Vol. 145, No. 23 — November 9, 2011
SOR/2011-227 October 18, 2011
CANADIAN WHEAT BOARD ACT
Canadian Wheat Board Direction Order
P.C. 2011-1182 October 18, 2011
His Excellency the Governor General in Council, on the recommendation of the Minister of Agriculture and Agri-Food, pursuant to subsection 18(1) (see footnote a) of the Canadian Wheat Board Act (see footnote b), hereby directs The Canadian Wheat Board to conduct its operations under that Act, while the Bill entitled Marketing Freedom for Grain Farmers Act is being considered by Parliament, in the following manner:
- (a) it shall avoid extraordinary actions or commitments that would be contrary to the best interests of The Canadian Wheat Board if that Bill is passed by Parliament and receives royal assent; and
- (b) it shall credit profits or gains referred to in sections 8 (see footnote c), 33.01 (see footnote d) and 39.1 (see footnote e) of the Canadian Wheat Board Act (see footnote f) to the contingency fund established under paragraph 6(1)(c.3) (see footnote g) of that Act, unless a different disposition of those profits or gains is required under that Act.
REGULATORY IMPACT ANALYSIS STATEMENT
(This statement is not part of the Order.)
Issue and objectives
The Canadian Wheat Board Act (the CWB Act) provides for the constitution and powers of the Canadian Wheat Board (CWB). The CWB is a shared-governance corporation with the object of marketing in an orderly manner, in interprovincial and export trade, grain grown in western Canada.
The Government’s bill entitled “Marketing Freedom for Grain Farmers Act” (hereafter “the Bill”) was posted on the Notice Paper October 13 and could be introduced as early as the week of October 17, 2011.
The Bill, after receiving First Reading, will release to the public and the CWB the Government’s intentions regarding marketing freedom and the governance of the CWB if the Bill is enacted by Parliament.
In order to ensure the possibility of effective implementation, the regulations will prevent the CWB from taking any actions which may undermine Parliament’s ability to consider the Bill. Examples of such actions would include entering into longer-term contractual commitments which would be harmful to the CWB if the Bill is enacted, or allocating discretionary earnings in a manner unfavourable to the Canadian Wheat Board.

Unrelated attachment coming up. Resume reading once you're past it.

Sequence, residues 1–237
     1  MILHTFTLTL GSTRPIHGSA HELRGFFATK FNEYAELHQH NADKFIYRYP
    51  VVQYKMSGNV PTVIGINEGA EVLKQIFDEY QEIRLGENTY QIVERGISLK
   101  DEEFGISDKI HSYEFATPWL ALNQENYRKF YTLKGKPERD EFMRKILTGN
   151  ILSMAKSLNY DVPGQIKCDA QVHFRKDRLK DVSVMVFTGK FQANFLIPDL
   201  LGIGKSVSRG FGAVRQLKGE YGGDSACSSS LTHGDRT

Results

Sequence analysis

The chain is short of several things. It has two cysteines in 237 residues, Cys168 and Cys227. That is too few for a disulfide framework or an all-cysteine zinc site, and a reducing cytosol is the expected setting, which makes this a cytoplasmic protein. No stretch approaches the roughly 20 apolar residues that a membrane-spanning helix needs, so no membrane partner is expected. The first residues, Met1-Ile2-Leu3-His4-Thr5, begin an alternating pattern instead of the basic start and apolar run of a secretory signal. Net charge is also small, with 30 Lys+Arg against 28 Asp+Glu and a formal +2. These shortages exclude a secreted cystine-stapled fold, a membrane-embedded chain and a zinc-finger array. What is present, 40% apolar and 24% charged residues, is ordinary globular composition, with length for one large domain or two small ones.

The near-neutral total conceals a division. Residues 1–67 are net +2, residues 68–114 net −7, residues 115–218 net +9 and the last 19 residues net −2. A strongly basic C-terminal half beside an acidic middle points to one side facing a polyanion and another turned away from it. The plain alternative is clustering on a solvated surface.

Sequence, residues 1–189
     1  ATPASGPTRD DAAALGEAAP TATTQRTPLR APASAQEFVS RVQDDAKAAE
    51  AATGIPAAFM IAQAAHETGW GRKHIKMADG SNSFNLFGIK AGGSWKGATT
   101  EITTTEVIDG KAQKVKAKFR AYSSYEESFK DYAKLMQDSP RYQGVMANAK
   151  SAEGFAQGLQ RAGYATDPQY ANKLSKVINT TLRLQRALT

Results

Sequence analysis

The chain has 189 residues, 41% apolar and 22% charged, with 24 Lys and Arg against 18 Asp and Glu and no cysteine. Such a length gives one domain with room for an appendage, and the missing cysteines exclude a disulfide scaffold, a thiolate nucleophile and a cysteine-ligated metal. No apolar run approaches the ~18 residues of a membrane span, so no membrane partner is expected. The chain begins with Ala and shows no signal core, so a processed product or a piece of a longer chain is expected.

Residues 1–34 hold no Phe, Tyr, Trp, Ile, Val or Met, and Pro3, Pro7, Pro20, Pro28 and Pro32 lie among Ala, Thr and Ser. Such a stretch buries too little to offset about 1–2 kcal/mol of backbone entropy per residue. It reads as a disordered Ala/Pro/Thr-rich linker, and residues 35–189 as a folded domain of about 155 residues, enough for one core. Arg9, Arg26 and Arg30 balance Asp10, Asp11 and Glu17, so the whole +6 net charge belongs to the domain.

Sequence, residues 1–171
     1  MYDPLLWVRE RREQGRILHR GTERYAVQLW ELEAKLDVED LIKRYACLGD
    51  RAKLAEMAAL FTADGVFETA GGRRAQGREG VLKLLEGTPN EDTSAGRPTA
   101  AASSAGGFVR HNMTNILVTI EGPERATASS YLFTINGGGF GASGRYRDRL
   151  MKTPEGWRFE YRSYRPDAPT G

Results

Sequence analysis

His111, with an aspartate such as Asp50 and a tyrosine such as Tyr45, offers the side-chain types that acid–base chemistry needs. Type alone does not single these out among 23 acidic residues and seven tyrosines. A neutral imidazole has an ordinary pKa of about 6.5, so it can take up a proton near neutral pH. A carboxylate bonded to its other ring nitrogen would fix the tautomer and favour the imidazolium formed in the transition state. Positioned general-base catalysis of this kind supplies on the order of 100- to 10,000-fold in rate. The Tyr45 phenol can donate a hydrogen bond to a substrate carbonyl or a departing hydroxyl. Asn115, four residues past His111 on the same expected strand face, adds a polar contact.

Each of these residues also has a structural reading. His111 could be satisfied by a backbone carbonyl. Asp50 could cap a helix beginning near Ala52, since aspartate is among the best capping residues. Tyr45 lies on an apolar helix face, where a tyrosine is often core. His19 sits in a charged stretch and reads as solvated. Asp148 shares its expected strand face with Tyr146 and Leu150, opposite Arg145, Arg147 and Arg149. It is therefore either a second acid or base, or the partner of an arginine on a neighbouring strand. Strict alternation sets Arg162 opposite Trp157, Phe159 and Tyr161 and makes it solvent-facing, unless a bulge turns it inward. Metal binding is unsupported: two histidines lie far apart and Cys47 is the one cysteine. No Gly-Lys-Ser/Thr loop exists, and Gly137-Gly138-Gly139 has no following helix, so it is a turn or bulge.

Description and rationale
This regulatory action will issue a Direction Order to instruct the Board of Directors not to engage in extraordinary actions or commitments, or credit discretionary profits in a manner which would be against the best interests of the CWB if the Bill is enacted.
It is essential that the Board of Directors be dissuaded from undermining possible implementation or diverting funds that would normally go to the contingency fund.
In order to be most effective, a Direction Order will need to be in place before the Bill receives First Reading.
The Direction Order will not impact other areas and sectors and is not expected to create any costs for the Government of Canada.
Implementation, enforcement and service standards
The Direction Order will be under subsection 18(1) of the Act.
Subsection 18(1.2) of the Act specifies that “Compliance by the Corporation with directions is deemed to be in the best interests of the Corporation.” As the Corporation is required to act in the best interests of the Corporation, Governor in Council direction orders are deemed by this section to be in the best interests of the Corporation, to remove any doubt or perceived conflict.
Subsection 3.12(2) of the Act also specifies that “The directors and officers of the Corporation shall comply with this Act, the regulations, the by-laws of the Corporation and any directions given to the Corporation under this Act.” This section extends a direction order to the Corporation to be binding on the directors as well.
Paragraph 68(2)(c) makes it an offence to contravene an order. In appropriate cases, the Government could seek injunctions against violations of an order. Directors who violate orders could also be liable in damages for breach of their fiduciary duty towards the CWB, since the Act deems compliance with orders to be in the best interests of the CWB.
Given the nature of the Order and the requirement that it not be released to the public domain in advance of coming into force, no external consultations were done. However, there have been extensive consultations with Treasury Board Secretariat and Privy Council Office.
Senior Policy Advisor
Crop Sector Policy
Strategic Policy Branch
Agriculture and Agri-Food Canada
1341 Baseline Road
S.C. 1998, c. 17, s. 28
R.S., c. C-24
S.C. 1998, c. 17, s. 28
S.C. 1998, c. 17, s. 20
S.C. 1998, c. 17, s. 22
R.S., c. C-24
S.C. 1998, c. 17, s. 6(2)